An editor is a workbench part that allows a user to edit an object (often a file). Editors operate in a manner similar to file system editing tools, except that they are tightly integrated into the platform workbench UI. An editor is always associated with an input object (IEditorInput). You can think of the input object as the document or file that is being edited. Changes made in an editor are not committed until the user saves them.
Only one editor can be open for any particular editor input in a workbench page. For example, if the user is editing readme.txt in the workbench, opening it again in the same perspective will activate the same editor. (You can open another editor on the same file from a different workbench window or perspective). Unlike views, however, the same editor type, such as a text editor, may be open many times within one workbench page for different inputs. The editor input can also be a path to an in memory model, as in the InfoEditor example.
The workbench extension point org.eclipse.ui.editors is used by plug-ins to add editors to the workbench. Plug-ins that contribute an editor must register the editor extension in their plugin.xml file, along with configuration information for the editor. Some of the editor information, such as the implementation class and the name and the icon to be used in the workbench menus and labels, is similar to the view information. In addition, editor extensions specify the file extensions or file name patterns of the file types that the editor understands. Editors also use org.eclipse.ui.commands and org.eclipse.ui.menus to contribute to the workbench menus and toolbars when that editor is active.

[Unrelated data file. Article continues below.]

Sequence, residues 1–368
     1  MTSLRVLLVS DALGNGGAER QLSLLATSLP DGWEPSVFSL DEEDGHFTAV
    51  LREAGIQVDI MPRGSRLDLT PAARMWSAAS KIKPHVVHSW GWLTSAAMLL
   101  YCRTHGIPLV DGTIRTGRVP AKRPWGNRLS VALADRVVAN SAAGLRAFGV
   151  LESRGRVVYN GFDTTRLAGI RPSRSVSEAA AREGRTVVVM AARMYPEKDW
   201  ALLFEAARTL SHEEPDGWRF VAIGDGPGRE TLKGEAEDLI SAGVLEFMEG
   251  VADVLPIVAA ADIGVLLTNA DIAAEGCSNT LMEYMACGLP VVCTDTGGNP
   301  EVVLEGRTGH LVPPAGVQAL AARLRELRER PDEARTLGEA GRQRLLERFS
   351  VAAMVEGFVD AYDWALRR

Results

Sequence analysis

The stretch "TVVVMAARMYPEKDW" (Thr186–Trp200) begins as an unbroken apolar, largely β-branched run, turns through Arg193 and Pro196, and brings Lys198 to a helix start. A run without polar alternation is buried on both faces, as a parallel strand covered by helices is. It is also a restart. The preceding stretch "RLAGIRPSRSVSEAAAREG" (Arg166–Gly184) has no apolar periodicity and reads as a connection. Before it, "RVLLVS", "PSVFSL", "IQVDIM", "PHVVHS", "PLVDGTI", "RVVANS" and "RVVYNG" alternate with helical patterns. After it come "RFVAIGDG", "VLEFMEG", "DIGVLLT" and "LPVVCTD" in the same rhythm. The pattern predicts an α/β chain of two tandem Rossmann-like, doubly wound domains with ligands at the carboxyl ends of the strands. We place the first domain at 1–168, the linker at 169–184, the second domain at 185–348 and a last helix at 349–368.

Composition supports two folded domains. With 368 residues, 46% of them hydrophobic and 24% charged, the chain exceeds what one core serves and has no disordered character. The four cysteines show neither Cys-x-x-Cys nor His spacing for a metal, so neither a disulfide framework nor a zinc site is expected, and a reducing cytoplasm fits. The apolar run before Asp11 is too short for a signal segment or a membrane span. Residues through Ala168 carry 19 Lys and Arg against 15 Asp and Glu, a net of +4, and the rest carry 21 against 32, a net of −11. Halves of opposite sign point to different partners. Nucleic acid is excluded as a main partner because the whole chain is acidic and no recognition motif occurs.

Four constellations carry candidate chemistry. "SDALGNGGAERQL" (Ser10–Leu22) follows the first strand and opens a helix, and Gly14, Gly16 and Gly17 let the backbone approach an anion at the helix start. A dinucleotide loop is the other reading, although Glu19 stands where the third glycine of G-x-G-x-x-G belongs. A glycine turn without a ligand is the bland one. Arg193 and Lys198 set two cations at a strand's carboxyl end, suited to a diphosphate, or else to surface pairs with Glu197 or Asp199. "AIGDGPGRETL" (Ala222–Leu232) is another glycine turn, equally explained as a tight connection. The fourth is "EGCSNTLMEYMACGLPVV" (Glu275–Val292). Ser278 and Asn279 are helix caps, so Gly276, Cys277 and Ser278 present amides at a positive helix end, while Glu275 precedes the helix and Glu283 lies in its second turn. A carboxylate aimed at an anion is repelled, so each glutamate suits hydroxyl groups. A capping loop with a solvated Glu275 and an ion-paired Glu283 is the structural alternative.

The interface for editors is defined in IEditorPart, but plug-ins can choose to extend the EditorPart class rather than implement an IEditorPart from scratch.
Note: An editor extension can also be configured to launch an external program or to call pre-existing java code. In this discussion, we are focusing on those editors that are actually tightly integrated with the workbench and are implemented using IEditorPart.
The editor can contribute its own content outliner page to the workbench outline view.
The configuration for the editor extension is defined as follows.
<extension point = "org.eclipse.ui.editors"> <editor class="org.eclipse.ui.examples.contributions.editor.InfoEditor" icon="icons/editor.gif" id="org.eclipse.ui.examples.contributions.editor" name="%contributions.editor.name"> </editor> </extension>
We see the familiar configuration markup for id, name, icon (which must be specified when specifying class), and class. You could use the extensions attribute describes the file types that the editor understands, like extensions="person", although this example doesn't need it. (You could also specify filenames if you need to be more specific.) The class implements the editor.
Editor menus and editor toolbars are placed in the main menu and main toolbar. See org.eclipse.ui.menus for how to use the locationURI to place the commands correctly.
These menu and tool bar items can be shown only when the editor is active using core expressions. To define a re-usable core expression for your editor, use org.eclipse.core.expressions.definitions
<extension point = "org.eclipse.core.expressions.definitions"> <definition id="org.eclipse.ui.examples.contributions.view.activeEditor"> <with variable="activeEditorId"> <equals value="org.eclipse.ui.examples.contributions.editor"/> </with> </definition> </extension>
Although the Info Editor does not, editors often have corresponding content outliners that provide a structured view of the editor's contents and assist the user in navigating through the contents of the editor. See Content outliners for more detail.
We'll look at the implementation of text editors in Text editors and platform text.